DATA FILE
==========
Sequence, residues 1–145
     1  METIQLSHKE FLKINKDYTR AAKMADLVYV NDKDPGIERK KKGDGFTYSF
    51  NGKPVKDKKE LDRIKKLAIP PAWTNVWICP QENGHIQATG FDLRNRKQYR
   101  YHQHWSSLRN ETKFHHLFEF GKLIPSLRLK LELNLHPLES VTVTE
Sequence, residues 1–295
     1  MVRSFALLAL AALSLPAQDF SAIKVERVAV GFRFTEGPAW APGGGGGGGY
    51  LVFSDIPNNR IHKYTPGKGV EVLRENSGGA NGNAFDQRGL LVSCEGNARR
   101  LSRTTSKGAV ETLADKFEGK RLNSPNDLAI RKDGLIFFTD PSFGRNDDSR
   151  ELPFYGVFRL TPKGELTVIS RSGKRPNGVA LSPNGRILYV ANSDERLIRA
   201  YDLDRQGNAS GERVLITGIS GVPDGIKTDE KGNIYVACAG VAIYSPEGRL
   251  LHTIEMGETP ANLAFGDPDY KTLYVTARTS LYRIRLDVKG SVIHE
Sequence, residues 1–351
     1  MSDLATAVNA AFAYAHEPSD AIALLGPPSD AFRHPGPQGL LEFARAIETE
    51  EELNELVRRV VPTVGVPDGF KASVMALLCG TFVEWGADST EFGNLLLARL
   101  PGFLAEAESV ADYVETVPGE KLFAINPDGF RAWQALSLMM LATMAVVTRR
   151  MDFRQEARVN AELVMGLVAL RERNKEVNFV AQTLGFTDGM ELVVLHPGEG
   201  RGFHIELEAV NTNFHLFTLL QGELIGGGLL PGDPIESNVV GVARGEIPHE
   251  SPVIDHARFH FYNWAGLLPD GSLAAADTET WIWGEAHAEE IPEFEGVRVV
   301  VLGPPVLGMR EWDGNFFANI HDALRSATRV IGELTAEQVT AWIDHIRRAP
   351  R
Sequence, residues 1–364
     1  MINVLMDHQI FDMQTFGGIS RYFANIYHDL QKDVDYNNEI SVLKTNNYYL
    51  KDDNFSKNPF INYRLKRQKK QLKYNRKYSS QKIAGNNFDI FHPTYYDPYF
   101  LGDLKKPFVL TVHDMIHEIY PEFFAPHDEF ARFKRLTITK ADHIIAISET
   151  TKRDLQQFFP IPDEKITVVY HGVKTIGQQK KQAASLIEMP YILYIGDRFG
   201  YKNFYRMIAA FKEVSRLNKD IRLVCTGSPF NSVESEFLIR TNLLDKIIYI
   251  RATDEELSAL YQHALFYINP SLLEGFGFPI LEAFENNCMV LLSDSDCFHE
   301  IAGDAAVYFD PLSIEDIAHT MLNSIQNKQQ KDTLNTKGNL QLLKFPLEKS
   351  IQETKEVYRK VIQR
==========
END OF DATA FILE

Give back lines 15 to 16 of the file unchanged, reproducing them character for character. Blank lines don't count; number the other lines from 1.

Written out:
   101  PGFLAEAESV ADYVETVPGE KLFAINPDGF RAWQALSLMM LATMAVVTRR
   151  MDFRQEARVN AELVMGLVAL RERNKEVNFV AQTLGFTDGM ELVVLHPGEG